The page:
“. . . Every day that goes by where they don’t detect cancer in your body somewhere is almost like a victory because you know your chances of getting it are becoming less and less and less.”

‘I feel my prognosis is excellent now because of catching it very early. Without the colonoscopy having caught it, three, four or five years from now I could have been in a really tough spot.’

Charlie Rymer

He has made a mission out of promoting early colonoscopy screenings for men, has joined some initiatives to spread the word, and is being interviewed by Columbia native Craig Melvin on NBC’s Today Show on the subject. Melvin lost a brother at the age of 43 to colon cancer in 2020.

“This saved my life and it’s got a chance of saving yours as well,” Rymer said. “It’s a big part of what I’m going to try to do moving forward.”

Rymer needed a follow-up surgery in December to remove a protruding surgical hernia that commonly develops following his type of colon surgery.

“I felt like I had an alien living in my belly. When I’d stand up it would poke out,” said Rymer, who nicknamed the hernia ‘Little Charlie.’ “I’d have conversations with him. It was like that Tom Hanks movie when he’s on the deserted island. He had Wilson the soccer ball. I had Little Charlie the hernia. I miss him now but not terribly.”

The 6-foot-4 and stout Rymer figured the one possible benefit he’d garner from his cancer battle would be weight loss. But that evaded him.

“Cancer sucks, and the only positive I could think of about the whole thing was ‘I’m going to lose some weight,’ “ Rymer said. “Well the two kinds of chemo I was on, the No. 2 side effect from both of them was weight gain. I’m like, ‘Really? Really?’ It blew me up. I’m just now hopeful of returning to being able, and I’m starting to get a little bit of the weight off.”

He is just now getting through the six-week recovery period for his hernia surgery.

Charlie Rymer (left) talks with Kevin Millar in the GTS television studio. (GTS photo)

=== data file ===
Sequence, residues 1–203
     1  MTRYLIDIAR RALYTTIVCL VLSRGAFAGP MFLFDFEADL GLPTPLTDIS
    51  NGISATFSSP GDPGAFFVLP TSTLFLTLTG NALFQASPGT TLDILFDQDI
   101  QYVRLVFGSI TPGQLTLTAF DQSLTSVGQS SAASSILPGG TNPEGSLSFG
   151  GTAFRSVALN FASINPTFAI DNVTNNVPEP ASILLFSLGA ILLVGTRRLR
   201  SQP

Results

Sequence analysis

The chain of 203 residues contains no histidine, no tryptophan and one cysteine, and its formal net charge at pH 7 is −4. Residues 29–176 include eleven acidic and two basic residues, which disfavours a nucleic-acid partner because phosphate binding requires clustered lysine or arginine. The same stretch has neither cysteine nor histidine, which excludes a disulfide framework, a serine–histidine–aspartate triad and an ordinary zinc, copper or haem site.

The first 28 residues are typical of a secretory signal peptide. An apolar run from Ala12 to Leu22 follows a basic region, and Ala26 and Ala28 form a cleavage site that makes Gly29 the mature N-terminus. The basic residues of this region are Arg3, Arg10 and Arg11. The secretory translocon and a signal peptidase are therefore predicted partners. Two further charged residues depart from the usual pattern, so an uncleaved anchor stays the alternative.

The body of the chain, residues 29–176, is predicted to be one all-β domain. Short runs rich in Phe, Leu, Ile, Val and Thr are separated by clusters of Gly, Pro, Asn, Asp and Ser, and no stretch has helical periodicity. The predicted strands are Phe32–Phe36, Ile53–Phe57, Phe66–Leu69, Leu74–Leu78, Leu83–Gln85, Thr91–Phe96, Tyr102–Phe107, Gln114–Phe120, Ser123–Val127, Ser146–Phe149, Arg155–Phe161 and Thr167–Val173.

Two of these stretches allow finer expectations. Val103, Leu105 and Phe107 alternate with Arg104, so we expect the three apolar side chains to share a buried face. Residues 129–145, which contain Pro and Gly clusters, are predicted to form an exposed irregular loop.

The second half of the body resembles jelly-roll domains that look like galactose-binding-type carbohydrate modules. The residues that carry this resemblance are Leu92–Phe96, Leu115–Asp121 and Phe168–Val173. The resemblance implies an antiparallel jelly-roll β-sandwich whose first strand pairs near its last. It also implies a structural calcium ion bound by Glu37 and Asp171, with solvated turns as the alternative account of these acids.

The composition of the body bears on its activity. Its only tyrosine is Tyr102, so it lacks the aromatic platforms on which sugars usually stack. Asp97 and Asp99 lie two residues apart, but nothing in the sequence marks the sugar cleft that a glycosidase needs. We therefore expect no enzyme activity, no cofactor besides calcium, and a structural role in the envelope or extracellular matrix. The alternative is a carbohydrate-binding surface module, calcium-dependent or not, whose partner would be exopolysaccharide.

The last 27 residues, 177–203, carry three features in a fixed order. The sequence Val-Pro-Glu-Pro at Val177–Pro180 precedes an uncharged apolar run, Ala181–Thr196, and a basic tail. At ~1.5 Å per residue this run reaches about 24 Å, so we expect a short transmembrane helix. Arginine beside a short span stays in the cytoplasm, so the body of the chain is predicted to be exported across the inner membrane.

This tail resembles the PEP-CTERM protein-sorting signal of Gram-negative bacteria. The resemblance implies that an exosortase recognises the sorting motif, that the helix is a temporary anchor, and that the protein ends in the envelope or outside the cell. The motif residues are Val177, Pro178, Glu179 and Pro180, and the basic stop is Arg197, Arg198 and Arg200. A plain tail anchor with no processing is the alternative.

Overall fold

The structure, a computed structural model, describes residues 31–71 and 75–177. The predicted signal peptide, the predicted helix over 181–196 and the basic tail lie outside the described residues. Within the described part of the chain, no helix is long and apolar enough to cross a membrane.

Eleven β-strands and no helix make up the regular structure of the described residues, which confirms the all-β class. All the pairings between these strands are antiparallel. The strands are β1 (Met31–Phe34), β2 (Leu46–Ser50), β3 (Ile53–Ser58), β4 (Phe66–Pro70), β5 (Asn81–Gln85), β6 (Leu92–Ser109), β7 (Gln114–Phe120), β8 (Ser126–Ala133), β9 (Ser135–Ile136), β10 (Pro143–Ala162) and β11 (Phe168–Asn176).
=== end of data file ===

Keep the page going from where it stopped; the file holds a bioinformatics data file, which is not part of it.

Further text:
A Myrtle Beach connection

Rymer is in the fifth year in 2023 of his marketing agreement with GTS after leaving an 11-year run at Golf Channel that made him a household name in golf circles.

The Charlie Rymer Golf Show moved to Sunday mornings on ESPN2 in 2022 after an inaugural year in primetime on Monday nights on CBS Sports Network in 2021. He filmed 14 episodes in 2022 over three months.

His guests included Gary Player, Nick Faldo, Nancy Lopez, John Daly, Anthony Anderson and Dustin Johnson. “I was really proud of the shows that we were able to put out,” he said.

It typically aired at 8 a.m., but the time wasn’t static. “That’s one of the challenges we had, it would move around a little bit,” Rymer said. “. . . The ratings were actually surprisingly good for these days.”

Rymer said he’s unsure about the show’s future. “I’m hopeful. There’s always a chance, and hopefully we’ll know here in the next few months,” said Rymer, who expects episodes to begin airing late in the fall if they are filmed in 2023. “There’s a lot up in the air over all that right now.”

A large Rymer project with GTS this year is creating and posting video content for all 70-plus GTS member courses. He’s providing some commentary of course drone footage and providing a golf tip on a hole at each course. “That will be the bulk of what I try to get done this year,” he said.

He also writes a blog once a month for GTS, is an emcee at the Myrtle Beach World Amateur Handicap Championship, appears at many other GTS tournaments, and makes other appearances representing the market, “It’s sort of a cross-section of different things they have me do,” he said.

His connection to Myrtle Beach began in his youth when he’d play and practice on the Grand Strand, and his professional relationship started as a celebrity guest at the World Am maybe 20 years ago and expanded as host and one of four cast members of the Golf Channel show “Road Trip: Myrtle Beach” in 2007.

Aside from Myrtle Beach, Rymer has recently taken on the role of executive vice president of McLemore Golf Club in Rising Fawn, Tennessee, near Chattanooga, where Rymer was born and still has a lot of family members. He now splits time between his homes in Murrells Inlet and at McLemore.

He will also co-host with Rob Riggle the celebrity Ace Shootout in Hawaii that airs this spring on Golf Channel and benefits the Children’s Miracle Network Hospitals.

He’s open to doing additional TV work. “I do miss it,” he said. “The business behind TV can be pretty brutal, I don’t miss that at all, but hopefully I’ll get a chance to do a little bit more live TV at some point.”

It has been a few tough few years for Rymer, who is almost invariably congenial and witty – hence the playful nickname of “Big Time.”

The cancer battle comes after a harrowing fight against the coronavirus in 2020 that caused him to be hospitalized for five days, lose nearly 20 pounds over 10 days and remain weakened for several weeks.

“I never thought I was going to be that guy, but I’m hoping it’s clear sailing ahead for a long time,” Rymer said. “I feel like I’ve paid my dues.”